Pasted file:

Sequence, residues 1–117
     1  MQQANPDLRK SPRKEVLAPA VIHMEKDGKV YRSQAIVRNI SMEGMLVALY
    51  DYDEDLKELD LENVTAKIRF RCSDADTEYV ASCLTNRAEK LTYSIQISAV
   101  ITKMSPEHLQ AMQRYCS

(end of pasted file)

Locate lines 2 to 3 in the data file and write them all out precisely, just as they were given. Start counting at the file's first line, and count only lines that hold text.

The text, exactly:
     1  MQQANPDLRK SPRKEVLAPA VIHMEKDGKV YRSQAIVRNI SMEGMLVALY
    51  DYDEDLKELD LENVTAKIRF RCSDADTEYV ASCLTNRAEK LTYSIQISAV